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Local News

O'Dekirk says new funding source for Rialto Square Theatre is almost ready

JOLIET – The city is working on a source of regular funding for the Rialto Square Theatre that could be announced next week.

Mayor Bob O’Dekirk told Rialto representatives at the Joliet City Council meeting on Tuesday that he may be able to outline a funding mechanism at an event being held at the theater May 24.

“We have actively been working on one, and I hope at the forum next week I’ll be able to make an announcement,” O’Dekirk said.

The mayor would not offer more information about what the funding source may be. But when asked after the meeting, he did say it would not involve a new tax.

Many of the state’s civic center authorities that oversee theaters receive a tax dedicated to their operations. The Will County Metropolitan Exposition and Auditorium Authority, which oversees the Rialto, at one time received a portion of the city’s hotel/motel tax.

While the mayor’s announcement may be news to the public, Rialto officials are aware of the prospects of a new source of funding

“I know he’s been working on it for months,” Rialto Board Chairman Robert Filotto said.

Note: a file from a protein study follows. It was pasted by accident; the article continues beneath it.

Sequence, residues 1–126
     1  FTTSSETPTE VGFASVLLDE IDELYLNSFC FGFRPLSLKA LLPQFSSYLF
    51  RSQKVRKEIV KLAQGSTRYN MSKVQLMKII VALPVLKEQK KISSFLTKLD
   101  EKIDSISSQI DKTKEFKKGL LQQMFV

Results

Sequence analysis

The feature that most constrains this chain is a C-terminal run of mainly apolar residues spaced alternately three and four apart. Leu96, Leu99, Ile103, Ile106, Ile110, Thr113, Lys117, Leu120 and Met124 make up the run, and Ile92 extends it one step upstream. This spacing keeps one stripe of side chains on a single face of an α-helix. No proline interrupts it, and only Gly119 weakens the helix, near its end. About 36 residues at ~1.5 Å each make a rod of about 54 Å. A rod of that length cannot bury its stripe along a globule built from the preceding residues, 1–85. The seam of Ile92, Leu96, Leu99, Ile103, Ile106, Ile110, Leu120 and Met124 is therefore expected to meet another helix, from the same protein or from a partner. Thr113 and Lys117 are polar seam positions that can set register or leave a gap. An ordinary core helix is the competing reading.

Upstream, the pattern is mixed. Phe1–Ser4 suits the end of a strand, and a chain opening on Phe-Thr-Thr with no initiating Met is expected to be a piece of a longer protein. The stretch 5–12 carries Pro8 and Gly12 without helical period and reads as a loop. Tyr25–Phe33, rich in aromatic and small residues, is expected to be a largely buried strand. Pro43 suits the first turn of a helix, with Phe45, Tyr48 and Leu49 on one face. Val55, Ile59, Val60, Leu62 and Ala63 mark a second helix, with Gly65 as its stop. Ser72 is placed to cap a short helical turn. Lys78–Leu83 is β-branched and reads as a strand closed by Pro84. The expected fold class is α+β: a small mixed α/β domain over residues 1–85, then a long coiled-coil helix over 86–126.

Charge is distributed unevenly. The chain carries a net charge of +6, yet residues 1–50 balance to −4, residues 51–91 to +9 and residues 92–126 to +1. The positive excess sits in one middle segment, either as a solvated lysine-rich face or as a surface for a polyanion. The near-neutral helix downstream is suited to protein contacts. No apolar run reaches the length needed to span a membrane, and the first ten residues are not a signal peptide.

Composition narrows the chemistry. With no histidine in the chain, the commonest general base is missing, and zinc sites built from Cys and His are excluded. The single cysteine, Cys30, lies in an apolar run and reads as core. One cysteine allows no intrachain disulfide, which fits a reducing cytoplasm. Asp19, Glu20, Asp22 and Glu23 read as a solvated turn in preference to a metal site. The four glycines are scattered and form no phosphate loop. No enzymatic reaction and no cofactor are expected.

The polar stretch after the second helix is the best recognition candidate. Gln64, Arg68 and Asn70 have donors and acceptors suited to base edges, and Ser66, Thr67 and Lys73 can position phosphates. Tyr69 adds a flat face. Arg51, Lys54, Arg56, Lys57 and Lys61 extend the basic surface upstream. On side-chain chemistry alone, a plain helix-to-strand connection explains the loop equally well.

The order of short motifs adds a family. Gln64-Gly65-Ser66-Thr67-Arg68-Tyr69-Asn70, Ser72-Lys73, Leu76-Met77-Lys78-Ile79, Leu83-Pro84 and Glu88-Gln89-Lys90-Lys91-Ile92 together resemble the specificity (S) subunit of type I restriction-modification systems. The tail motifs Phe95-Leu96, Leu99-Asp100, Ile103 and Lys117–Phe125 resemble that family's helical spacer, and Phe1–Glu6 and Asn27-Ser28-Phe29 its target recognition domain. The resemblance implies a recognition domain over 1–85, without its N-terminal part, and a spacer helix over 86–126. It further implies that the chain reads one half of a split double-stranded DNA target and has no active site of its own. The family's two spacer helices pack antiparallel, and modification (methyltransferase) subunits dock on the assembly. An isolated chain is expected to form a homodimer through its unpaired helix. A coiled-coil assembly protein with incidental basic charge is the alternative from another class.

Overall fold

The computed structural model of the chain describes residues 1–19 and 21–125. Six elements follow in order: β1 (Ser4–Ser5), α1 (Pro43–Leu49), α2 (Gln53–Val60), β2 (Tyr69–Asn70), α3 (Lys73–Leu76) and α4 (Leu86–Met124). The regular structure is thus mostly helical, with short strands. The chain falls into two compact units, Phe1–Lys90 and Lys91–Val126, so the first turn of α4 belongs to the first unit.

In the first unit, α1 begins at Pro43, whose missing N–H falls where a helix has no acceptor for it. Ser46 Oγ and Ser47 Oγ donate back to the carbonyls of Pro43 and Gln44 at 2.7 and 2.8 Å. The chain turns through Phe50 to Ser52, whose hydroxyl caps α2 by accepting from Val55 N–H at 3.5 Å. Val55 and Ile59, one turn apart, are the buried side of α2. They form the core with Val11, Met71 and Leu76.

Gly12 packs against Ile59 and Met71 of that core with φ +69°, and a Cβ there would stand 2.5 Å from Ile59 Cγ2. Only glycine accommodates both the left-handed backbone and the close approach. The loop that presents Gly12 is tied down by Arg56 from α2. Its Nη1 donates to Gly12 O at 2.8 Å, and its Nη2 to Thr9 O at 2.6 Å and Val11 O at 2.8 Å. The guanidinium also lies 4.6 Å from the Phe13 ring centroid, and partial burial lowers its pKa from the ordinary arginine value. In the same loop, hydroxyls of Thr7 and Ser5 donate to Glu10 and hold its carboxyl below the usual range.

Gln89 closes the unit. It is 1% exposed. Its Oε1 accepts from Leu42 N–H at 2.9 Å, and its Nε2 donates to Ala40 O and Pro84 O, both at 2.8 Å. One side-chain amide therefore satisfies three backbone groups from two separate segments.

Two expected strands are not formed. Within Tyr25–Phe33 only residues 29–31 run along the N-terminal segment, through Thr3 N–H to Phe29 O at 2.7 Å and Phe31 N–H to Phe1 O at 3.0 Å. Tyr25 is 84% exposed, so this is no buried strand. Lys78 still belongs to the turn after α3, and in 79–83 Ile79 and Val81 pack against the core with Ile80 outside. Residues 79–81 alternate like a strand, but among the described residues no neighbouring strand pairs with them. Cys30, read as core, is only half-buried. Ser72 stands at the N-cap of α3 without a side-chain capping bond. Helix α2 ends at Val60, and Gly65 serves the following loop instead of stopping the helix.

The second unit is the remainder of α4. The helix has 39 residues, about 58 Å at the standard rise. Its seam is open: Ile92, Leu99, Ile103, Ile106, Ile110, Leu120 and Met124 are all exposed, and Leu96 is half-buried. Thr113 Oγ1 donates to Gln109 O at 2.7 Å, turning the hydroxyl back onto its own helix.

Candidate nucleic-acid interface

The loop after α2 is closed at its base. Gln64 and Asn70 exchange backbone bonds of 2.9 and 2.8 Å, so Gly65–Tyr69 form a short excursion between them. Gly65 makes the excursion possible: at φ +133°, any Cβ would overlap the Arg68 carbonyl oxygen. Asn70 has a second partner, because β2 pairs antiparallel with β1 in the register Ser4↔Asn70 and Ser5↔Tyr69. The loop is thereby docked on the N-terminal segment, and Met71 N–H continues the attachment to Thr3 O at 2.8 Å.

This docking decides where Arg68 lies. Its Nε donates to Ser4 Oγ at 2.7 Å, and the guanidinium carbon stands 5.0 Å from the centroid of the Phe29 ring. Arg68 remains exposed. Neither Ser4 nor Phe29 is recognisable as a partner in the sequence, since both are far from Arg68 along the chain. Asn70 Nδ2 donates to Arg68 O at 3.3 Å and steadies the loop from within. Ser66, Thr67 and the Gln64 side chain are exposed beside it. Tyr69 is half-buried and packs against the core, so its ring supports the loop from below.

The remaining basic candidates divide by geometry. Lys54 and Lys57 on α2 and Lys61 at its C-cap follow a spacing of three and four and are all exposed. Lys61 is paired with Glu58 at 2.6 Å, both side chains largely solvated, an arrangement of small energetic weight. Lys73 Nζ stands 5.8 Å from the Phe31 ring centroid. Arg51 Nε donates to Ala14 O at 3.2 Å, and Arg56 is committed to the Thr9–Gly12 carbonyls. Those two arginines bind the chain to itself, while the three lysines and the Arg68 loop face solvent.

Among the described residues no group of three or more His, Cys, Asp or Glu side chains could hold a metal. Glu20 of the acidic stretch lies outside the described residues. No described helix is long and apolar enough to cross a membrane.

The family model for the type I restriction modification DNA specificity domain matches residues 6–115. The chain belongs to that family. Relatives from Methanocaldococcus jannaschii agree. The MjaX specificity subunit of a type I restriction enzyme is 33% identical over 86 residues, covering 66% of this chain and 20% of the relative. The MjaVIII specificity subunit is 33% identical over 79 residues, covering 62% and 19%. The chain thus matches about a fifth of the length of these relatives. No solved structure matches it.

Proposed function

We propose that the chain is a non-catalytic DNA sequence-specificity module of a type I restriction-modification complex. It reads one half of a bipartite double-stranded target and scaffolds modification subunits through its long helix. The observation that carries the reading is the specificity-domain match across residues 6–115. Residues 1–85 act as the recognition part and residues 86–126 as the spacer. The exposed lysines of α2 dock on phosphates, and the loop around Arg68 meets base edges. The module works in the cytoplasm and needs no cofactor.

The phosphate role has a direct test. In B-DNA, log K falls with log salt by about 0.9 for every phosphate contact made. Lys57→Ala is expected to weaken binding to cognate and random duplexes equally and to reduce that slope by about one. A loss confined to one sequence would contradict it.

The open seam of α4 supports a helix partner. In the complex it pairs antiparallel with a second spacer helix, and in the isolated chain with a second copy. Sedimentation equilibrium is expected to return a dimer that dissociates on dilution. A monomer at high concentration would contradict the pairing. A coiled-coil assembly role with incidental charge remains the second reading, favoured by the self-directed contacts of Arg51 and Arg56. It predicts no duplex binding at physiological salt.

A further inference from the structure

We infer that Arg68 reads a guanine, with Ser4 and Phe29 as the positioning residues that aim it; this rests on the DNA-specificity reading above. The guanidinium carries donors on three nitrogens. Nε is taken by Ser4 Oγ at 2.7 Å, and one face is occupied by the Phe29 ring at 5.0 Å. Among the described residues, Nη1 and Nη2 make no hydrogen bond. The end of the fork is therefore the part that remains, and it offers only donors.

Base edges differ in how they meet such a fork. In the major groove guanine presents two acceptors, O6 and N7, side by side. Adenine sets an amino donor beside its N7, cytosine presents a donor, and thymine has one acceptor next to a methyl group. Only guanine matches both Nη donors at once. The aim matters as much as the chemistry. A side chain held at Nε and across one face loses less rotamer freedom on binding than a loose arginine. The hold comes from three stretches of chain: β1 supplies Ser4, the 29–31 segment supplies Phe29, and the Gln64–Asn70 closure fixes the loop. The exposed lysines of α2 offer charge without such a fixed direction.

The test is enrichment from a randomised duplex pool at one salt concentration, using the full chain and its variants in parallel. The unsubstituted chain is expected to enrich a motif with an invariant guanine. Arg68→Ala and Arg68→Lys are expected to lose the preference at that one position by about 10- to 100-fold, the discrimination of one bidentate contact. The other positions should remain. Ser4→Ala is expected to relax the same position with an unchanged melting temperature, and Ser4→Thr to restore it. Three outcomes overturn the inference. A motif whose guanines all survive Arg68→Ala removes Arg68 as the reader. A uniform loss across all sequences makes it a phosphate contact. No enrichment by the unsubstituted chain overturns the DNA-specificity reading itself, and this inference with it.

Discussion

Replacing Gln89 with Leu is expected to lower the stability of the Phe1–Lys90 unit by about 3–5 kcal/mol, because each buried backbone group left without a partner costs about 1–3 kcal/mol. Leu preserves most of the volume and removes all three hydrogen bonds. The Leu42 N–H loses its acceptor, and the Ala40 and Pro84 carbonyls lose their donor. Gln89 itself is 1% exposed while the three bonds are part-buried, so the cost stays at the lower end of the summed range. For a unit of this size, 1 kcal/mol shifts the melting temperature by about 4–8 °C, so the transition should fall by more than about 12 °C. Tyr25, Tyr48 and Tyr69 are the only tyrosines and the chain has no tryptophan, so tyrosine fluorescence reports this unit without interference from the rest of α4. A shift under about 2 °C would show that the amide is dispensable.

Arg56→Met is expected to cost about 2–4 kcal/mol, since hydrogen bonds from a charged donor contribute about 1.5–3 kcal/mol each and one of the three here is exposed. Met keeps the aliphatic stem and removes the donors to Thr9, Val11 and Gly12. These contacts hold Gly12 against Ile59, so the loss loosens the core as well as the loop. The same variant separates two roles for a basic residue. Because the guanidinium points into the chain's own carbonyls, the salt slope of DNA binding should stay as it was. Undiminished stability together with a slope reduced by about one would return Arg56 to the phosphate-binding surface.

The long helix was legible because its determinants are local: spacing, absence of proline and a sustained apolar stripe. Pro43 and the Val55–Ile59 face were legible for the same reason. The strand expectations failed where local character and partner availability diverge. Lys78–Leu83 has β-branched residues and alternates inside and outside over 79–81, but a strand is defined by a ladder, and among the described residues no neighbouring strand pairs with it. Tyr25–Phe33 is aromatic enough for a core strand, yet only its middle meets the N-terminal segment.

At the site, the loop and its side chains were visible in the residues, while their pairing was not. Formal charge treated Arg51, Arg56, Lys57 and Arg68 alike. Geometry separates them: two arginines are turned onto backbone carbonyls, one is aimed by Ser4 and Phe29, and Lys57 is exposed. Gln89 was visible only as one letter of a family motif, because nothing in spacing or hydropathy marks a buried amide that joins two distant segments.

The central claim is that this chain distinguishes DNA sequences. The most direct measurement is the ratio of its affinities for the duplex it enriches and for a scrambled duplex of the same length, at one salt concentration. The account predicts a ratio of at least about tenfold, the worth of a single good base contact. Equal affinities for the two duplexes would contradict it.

The event on May 24 is a 90th Anniversary Year in Review Celebration, which will be 5 to 6:30 p.m. at the Rialto. The Rialto board meets at 4 p.m. before the event.

City funding for the theater has been a sore point in recent years.

Rialto officials and O’Dekirk, too, have said there should be a regular source of funding for the theater instead of the annual process that occurs now in which the council decides each year whether to contribute city money and how much.

In the showdown over funding this year, the entire Rialto board resigned before the city provided a $500,000 contribution.

A new board was appointed, and some of the members were at the Tuesday meeting for a progress report delivered by new Executive Director Valerie Devine.

Devine gave an upbeat report.

She said the Rialto will meet the 30-show mark by the end of June that the city required before it would provide a second installment on the annual $500,000 funding.

“We have booked or will perform 35 shows by the end of June,” Devine said, adding that the theater has offers out on a dozen other possible shows.

Devine said 7,500 people have attended shows at the Rialto so far this year, adding that the number does not include people who have come to the theater for dance recitals, and other events. An additional 4,500 people are expected for upcoming shows, Devine said.

With VenuWorks, the company that now manages the theater, the Rialto is making changes in its concessions menu and has put in place a system that now allows for credit card purchases at the bar.

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